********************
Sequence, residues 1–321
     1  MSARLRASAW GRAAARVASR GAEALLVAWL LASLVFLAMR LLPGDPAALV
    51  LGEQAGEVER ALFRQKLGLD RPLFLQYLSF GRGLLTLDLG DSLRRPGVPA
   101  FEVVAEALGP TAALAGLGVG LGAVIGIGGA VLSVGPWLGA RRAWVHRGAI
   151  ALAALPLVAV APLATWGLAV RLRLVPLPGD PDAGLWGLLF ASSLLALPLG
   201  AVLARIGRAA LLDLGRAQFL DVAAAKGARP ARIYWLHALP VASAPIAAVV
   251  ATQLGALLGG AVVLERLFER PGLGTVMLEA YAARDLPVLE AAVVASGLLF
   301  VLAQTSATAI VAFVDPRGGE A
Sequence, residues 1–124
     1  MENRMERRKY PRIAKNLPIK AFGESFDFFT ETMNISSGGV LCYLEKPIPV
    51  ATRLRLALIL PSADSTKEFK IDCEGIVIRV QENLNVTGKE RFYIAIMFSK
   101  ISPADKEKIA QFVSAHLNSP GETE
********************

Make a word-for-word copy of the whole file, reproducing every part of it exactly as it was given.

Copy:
Sequence, residues 1–321
     1  MSARLRASAW GRAAARVASR GAEALLVAWL LASLVFLAMR LLPGDPAALV
    51  LGEQAGEVER ALFRQKLGLD RPLFLQYLSF GRGLLTLDLG DSLRRPGVPA
   101  FEVVAEALGP TAALAGLGVG LGAVIGIGGA VLSVGPWLGA RRAWVHRGAI
   151  ALAALPLVAV APLATWGLAV RLRLVPLPGD PDAGLWGLLF ASSLLALPLG
   201  AVLARIGRAA LLDLGRAQFL DVAAAKGARP ARIYWLHALP VASAPIAAVV
   251  ATQLGALLGG AVVLERLFER PGLGTVMLEA YAARDLPVLE AAVVASGLLF
   301  VLAQTSATAI VAFVDPRGGE A
Sequence, residues 1–124
     1  MENRMERRKY PRIAKNLPIK AFGESFDFFT ETMNISSGGV LCYLEKPIPV
    51  ATRLRLALIL PSADSTKEFK IDCEGIVIRV QENLNVTGKE RFYIAIMFSK
   101  ISPADKEKIA QFVSAHLNSP GETE